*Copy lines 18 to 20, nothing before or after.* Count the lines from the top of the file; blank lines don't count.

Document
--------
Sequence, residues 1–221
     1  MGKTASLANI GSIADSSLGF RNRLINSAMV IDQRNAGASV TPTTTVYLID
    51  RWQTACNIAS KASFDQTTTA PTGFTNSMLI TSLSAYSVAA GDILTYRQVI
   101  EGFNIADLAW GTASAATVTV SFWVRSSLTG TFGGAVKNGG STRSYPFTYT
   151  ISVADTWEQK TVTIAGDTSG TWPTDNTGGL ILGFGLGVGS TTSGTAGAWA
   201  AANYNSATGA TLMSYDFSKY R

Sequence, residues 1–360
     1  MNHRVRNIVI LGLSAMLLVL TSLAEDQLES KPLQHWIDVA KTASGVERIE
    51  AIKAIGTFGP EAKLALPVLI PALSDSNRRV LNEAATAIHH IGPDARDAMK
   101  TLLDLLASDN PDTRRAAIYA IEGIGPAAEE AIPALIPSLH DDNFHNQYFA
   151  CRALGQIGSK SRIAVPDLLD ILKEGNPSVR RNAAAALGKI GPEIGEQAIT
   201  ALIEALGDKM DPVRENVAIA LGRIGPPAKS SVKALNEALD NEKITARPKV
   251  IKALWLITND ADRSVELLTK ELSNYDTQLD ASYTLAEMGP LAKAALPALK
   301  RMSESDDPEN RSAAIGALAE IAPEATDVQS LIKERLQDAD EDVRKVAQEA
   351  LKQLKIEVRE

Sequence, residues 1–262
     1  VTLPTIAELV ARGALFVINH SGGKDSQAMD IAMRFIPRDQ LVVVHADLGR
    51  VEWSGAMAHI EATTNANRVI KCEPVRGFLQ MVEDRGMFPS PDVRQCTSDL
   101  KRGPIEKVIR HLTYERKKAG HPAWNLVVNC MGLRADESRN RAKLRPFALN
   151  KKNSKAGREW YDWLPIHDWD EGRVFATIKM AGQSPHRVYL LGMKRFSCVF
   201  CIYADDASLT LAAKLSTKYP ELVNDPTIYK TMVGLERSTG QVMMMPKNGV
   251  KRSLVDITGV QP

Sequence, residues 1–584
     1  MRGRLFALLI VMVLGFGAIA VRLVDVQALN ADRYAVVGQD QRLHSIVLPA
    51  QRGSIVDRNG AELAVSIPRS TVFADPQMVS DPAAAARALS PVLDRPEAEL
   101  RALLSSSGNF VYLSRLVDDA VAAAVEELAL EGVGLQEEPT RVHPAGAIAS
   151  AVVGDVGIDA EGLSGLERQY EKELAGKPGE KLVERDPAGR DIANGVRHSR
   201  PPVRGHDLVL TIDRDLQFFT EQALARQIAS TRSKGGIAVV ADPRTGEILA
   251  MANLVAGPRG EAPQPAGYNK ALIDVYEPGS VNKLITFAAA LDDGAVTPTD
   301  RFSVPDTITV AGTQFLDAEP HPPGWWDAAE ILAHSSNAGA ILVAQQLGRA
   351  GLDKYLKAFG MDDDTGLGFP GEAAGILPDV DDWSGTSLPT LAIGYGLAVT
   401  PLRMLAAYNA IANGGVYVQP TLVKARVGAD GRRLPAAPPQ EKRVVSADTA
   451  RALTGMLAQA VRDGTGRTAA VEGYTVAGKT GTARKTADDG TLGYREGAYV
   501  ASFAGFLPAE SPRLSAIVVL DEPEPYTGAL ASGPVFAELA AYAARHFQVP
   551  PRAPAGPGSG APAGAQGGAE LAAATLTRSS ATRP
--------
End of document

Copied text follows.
    51  VEWSGAMAHI EATTNANRVI KCEPVRGFLQ MVEDRGMFPS PDVRQCTSDL
   101  KRGPIEKVIR HLTYERKKAG HPAWNLVVNC MGLRADESRN RAKLRPFALN
   151  KKNSKAGREW YDWLPIHDWD EGRVFATIKM AGQSPHRVYL LGMKRFSCVF